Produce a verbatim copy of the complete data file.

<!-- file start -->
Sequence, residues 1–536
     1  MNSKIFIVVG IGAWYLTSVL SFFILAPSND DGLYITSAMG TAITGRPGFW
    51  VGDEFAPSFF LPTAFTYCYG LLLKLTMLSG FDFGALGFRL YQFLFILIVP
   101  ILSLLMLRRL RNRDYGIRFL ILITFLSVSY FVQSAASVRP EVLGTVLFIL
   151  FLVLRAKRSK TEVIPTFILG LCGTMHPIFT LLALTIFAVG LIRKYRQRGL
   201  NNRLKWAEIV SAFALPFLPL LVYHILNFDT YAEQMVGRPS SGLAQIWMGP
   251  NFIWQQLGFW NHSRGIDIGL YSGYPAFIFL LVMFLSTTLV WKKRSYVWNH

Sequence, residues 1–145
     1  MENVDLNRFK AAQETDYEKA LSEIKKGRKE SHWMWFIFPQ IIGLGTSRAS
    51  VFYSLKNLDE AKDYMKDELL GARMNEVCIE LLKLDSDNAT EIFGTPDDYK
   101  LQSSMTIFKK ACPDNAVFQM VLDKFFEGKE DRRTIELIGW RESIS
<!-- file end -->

Sequence, residues 1–536
     1  MNSKIFIVVG IGAWYLTSVL SFFILAPSND DGLYITSAMG TAITGRPGFW
    51  VGDEFAPSFF LPTAFTYCYG LLLKLTMLSG FDFGALGFRL YQFLFILIVP
   101  ILSLLMLRRL RNRDYGIRFL ILITFLSVSY FVQSAASVRP EVLGTVLFIL
   151  FLVLRAKRSK TEVIPTFILG LCGTMHPIFT LLALTIFAVG LIRKYRQRGL
   201  NNRLKWAEIV SAFALPFLPL LVYHILNFDT YAEQMVGRPS SGLAQIWMGP
   251  NFIWQQLGFW NHSRGIDIGL YSGYPAFIFL LVMFLSTTLV WKKRSYVWNH

Sequence, residues 1–145
     1  MENVDLNRFK AAQETDYEKA LSEIKKGRKE SHWMWFIFPQ IIGLGTSRAS
    51  VFYSLKNLDE AKDYMKDELL GARMNEVCIE LLKLDSDNAT EIFGTPDDYK
   101  LQSSMTIFKK ACPDNAVFQM VLDKFFEGKE DRRTIELIGW RESIS